The chief of police in Columbus, Ohio, said the officer who fatally shot an unarmed Black man engaged in an act of "senseless violence" that should immediately cost the officer his job.

Protesters gather outside the home where Andre Maurice Hill was killed in Columbus, Ohio, US, December 24, 2020.
Protesters gather outside the home where Andre Maurice Hill was killed in Columbus, Ohio, US, December 24, 2020. (Reuters)

The fatal shooting of an unarmed Black man by police in Columbus, Ohio, the US city's second such killing this month, has sparked a fresh wave of protests against racial injustice and police brutality in the country.

Andre Maurice Hill, 47, was in the garage of a house on Monday night when he was shot several times by a police officer who had been called to the scene for a minor incident.

Seconds before the gunfire, bodycam footage shows Hill walking towards the policeman holding a cell phone in his left hand, while his other hand cannot be seen.

Columbus police chief Thomas Quinlan announced on Thursday that he was moving to fire the officer, Adam Coy, on allegations of "critical misconduct".

"We have an officer who violated his oath to comply with the rules and policies of the Columbus Division of Police," Quinlan said in a statement. "This violation cost an innocent man his life."

Quinlan called the fatal shooting an act of "preventable violence, senseless violence."

"This didn't have to happen, and it never should have," he said.
"Andre Hill should be with his family this holiday."

According to local media reports, Coy had previously received complaints of excessive force.

Coy and his colleague waited several minutes before approaching Hill, who was still alive, but died later.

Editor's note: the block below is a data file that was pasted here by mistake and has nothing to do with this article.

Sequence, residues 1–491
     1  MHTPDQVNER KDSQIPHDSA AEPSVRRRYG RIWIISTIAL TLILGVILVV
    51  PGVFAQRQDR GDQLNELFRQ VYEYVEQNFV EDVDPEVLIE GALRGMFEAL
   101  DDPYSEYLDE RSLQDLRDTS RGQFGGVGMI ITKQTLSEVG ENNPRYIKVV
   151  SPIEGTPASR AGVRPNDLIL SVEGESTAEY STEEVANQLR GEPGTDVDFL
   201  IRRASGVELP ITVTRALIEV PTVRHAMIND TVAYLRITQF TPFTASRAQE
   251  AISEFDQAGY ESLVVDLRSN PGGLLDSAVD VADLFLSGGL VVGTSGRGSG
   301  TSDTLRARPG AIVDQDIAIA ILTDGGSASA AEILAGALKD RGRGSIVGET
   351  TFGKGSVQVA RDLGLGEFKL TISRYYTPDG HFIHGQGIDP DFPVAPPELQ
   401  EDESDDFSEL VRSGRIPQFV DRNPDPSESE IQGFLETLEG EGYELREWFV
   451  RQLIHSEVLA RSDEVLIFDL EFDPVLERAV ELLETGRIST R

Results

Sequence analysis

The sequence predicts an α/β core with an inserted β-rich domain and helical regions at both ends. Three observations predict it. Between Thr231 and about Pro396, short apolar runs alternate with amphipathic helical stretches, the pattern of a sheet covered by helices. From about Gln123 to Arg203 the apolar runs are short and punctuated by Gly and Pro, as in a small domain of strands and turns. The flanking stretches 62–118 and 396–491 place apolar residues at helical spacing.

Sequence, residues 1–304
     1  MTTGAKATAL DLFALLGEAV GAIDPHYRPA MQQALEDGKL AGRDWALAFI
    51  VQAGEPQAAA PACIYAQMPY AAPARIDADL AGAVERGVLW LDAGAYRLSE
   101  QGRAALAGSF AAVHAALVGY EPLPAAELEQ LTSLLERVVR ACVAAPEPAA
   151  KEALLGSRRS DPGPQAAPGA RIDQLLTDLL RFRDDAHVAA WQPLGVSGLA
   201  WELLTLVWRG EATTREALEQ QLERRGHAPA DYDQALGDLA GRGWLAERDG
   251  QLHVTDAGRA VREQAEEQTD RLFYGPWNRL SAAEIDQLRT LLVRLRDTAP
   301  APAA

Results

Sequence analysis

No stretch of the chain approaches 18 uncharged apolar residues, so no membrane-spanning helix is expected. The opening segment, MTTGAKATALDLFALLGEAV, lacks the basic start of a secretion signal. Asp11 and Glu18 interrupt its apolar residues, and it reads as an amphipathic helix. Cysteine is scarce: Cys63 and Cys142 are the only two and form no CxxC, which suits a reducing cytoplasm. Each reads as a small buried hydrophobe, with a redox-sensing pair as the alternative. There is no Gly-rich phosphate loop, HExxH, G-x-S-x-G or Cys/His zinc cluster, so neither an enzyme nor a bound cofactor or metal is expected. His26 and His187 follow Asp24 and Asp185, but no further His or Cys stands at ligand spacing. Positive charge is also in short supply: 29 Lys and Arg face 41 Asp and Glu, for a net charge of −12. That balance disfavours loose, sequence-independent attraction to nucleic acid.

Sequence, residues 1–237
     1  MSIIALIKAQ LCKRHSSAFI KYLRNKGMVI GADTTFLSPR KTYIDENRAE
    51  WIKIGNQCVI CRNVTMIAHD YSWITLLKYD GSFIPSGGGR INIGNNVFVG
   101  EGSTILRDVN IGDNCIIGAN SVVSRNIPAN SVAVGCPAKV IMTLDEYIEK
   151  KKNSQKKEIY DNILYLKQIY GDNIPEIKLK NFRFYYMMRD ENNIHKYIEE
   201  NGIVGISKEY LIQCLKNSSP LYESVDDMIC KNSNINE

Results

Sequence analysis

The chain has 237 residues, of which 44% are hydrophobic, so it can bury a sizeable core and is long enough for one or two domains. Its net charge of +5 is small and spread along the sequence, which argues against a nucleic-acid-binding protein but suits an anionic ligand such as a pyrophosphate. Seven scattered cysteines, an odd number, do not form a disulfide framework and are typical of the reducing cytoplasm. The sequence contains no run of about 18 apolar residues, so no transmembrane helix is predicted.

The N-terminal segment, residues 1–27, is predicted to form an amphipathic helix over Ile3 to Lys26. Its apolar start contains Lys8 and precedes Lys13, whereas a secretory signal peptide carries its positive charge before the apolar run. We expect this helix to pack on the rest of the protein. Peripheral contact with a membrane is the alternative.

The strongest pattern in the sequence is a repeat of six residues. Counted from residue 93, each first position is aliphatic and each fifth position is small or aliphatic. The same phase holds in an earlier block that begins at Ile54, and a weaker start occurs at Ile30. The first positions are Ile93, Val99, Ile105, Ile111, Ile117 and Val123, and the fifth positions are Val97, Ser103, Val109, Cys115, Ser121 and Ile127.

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BLM protests

Hill's slaying marked the second time in a month that an African-American man was slain by law enforcement under questionable circumstances in Ohio's capital.

Casey Christopher Goodson, 23, was shot dead outside his home on December 4 by a Franklin County sheriff's deputy assigned to a team of US marshals searching for a fugitive in Goodson's neighborhood. His family has said he was holding a sandwich which law enforcement mistook for a gun.

The latest incident unfolded in the early hours of Tuesday after police responded to a non-emergency report of a man turning a car on and off for an extended period, Columbus police said in a statement.

Several dozen protestors gathered on Thursday, waving Black Lives Matter signs and calling for justice for people killed in police shootings.

The killings in Columbus come after a summer in which the US was rocked by historic protests against racial injustice and police brutality, sparked by the May killing of African-American man George Floyd.

Floyd, also unarmed, suffocated beneath the knee of a white police officer in Minneapolis. Horrified passers-by filmed his death, with the footage swiftly going viral.

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"Once again officers see a Black man and conclude that he's criminal and dangerous," said lawyer Ben Crump, who defends several families of police brutality victims including Floyd's, on Wednesday.

He denounced a "tragic succession of officer-involved shootings."

Columbus Mayor Andrew Ginther said he was "outraged" by Hill's death.

He was "known to the residents of the home where his car was parked on the street," he said Wednesday at a press conference, describing him as a "guest... not an intruder."

Ginther said he was "very disturbed" that the two police officers did not give first aid to Hill and called for Coy's "immediate termination."

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Source: TRTWorld and agencies